The Canons of Dordrecht, Part Two, Exposition of the Canons, Fifth Head of Doctrine, Of the Perseverance of the Saints

Article 9. Of this preservation of the elect to salvation, and of their perseverance in the faith, true believers for themselves may and do obtain assurance according to the measure of their faith, whereby they arrive at the certain persuasion, that they ever will continue true and living members of the church; and that they experience the forgiveness of sins, and will at last inherit eternal life. 

The above translation is far from correct. It omits some elements of the original and embellishes others. How this translation was arrived at I do not know. But it evinces a certain lack of understanding of the very truth which the article intends to set forth, and it agrees with neither the Latin nor the Dutch versions. Because this article is very brief—briefer, in fact, than the above translation—we can very well make all our corrections by furnishing a new translation of the entire paragraph. We would translate the article as follows:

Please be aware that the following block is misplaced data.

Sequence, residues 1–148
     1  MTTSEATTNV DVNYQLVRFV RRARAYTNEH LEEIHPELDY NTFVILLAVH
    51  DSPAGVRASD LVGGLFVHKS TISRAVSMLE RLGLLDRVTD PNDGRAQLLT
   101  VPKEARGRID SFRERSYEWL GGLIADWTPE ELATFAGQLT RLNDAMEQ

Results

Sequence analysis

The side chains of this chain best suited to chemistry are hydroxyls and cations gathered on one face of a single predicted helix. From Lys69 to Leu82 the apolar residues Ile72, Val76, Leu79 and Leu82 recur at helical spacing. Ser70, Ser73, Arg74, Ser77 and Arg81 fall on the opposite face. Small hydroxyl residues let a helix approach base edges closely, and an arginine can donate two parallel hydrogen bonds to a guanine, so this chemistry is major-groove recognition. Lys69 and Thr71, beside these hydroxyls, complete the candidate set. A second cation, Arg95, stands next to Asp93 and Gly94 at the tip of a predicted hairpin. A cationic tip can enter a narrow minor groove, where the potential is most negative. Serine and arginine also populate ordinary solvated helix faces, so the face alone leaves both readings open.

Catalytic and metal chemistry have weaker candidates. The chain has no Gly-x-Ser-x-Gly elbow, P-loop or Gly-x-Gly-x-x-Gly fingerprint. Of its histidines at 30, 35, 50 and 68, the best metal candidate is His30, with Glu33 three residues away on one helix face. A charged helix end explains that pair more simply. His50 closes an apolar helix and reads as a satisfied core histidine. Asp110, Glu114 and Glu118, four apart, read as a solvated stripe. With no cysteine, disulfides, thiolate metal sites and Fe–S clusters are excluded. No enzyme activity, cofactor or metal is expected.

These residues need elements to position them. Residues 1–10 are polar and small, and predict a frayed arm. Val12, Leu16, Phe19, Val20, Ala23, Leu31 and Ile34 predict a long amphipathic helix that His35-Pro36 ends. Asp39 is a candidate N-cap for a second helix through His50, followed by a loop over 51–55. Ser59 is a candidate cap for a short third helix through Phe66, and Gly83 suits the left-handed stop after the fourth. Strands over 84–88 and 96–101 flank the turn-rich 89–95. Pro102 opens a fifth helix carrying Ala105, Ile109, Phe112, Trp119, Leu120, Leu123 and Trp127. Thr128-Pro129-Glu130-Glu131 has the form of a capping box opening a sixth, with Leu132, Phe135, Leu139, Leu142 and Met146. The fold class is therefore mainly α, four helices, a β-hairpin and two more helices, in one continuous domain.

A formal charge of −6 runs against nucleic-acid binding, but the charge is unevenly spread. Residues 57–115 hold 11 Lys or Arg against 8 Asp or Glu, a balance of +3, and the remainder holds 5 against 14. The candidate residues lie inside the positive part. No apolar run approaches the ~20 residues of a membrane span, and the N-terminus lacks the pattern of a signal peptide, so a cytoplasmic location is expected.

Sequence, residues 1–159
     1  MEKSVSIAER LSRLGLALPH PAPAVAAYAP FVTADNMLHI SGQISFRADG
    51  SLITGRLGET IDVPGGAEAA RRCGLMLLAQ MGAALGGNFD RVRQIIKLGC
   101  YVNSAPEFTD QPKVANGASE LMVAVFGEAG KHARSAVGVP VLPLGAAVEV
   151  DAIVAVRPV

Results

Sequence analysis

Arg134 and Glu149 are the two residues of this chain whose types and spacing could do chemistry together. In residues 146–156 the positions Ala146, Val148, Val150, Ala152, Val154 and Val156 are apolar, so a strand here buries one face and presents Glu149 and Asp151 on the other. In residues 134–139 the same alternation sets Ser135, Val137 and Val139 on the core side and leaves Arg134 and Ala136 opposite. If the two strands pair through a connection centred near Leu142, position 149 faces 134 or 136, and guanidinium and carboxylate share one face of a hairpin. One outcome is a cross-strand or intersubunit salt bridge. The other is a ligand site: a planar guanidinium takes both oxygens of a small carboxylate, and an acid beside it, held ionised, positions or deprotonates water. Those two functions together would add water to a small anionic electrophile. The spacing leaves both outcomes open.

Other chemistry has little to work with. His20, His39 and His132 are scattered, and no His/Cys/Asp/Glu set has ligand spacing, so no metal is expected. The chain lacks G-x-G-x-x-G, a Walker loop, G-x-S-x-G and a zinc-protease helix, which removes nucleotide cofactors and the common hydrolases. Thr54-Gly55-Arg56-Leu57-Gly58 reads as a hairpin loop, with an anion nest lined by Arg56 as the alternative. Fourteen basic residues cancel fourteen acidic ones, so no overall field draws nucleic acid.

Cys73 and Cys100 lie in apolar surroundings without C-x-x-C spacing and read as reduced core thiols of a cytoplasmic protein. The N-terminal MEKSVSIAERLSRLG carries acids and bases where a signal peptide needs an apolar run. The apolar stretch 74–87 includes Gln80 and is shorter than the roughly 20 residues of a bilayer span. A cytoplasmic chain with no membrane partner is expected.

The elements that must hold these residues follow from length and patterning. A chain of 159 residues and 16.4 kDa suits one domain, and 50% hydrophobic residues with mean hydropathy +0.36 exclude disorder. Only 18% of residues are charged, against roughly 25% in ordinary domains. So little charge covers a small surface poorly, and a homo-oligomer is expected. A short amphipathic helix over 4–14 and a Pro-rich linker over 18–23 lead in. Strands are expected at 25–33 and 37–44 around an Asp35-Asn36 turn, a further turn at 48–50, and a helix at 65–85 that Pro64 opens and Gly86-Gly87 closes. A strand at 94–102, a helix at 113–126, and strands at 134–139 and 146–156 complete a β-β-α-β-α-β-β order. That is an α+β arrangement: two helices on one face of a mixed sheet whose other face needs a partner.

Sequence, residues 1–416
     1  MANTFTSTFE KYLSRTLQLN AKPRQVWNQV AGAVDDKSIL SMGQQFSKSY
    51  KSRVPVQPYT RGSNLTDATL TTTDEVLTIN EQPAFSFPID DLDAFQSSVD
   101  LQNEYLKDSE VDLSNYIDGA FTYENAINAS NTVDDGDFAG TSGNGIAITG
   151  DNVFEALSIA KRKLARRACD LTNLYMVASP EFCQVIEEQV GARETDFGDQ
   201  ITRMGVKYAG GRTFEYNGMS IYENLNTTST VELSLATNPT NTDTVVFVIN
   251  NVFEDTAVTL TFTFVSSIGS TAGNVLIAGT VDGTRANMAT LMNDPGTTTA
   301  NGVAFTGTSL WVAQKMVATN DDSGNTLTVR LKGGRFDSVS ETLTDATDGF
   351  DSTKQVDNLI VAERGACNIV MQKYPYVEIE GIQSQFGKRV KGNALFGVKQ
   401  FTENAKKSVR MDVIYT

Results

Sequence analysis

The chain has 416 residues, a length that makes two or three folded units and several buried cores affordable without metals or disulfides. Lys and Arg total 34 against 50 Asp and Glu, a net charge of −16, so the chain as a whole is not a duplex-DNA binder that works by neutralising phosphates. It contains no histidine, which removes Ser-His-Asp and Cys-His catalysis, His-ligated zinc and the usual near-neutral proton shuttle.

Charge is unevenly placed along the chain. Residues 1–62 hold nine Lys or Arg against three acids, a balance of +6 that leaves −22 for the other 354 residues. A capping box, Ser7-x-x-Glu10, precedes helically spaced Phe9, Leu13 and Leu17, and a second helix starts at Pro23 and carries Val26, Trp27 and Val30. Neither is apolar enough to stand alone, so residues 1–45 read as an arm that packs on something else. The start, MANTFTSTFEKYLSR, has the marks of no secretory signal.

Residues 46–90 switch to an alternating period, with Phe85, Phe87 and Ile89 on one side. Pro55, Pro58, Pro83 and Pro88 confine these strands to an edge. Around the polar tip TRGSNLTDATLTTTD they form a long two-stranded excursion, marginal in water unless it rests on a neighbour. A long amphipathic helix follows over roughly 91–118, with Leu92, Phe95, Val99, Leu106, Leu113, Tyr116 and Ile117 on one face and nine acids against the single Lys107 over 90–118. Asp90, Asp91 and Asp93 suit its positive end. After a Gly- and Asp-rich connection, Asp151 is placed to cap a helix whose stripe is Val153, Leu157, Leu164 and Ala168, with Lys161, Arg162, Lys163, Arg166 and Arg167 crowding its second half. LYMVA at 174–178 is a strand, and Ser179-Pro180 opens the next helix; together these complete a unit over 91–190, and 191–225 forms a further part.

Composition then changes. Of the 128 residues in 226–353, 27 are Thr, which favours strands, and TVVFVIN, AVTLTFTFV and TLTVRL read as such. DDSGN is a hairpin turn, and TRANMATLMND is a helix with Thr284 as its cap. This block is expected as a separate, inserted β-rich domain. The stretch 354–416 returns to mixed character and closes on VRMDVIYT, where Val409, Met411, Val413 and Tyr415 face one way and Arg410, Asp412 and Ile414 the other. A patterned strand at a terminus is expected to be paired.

Of this keeping of the elect unto salvation, and of the perseverance of the true believers in faith, the believers themselves are able to be certain, and are certain according to the measure of faith, by which they certainly believe that they are and always shall remain true and living members of the Church, that they have the remission of sins and life eternal. 

This article begins the treatment of the second main aspect of the perseverance of the saints. The first eight paragraphs of this chapter have dealt with the subject of perseverance and preservation as such. From Article 9 to Article 13 the subject of the knowledge and assurance of perseverance is treated. Article 9 speaks of the possibility and the fact of this assurance. Article 10 speaks of the way in which this assurance is attained. Article 11 deals with the subject of carnal doubts and temptations in relation to this assurance. Articles 12 and 13 speak of the effects of this assurance upon the believers. Hence, we shall be busy with this subject for some time to come. 

Let us first attempt clearly to understand the subject.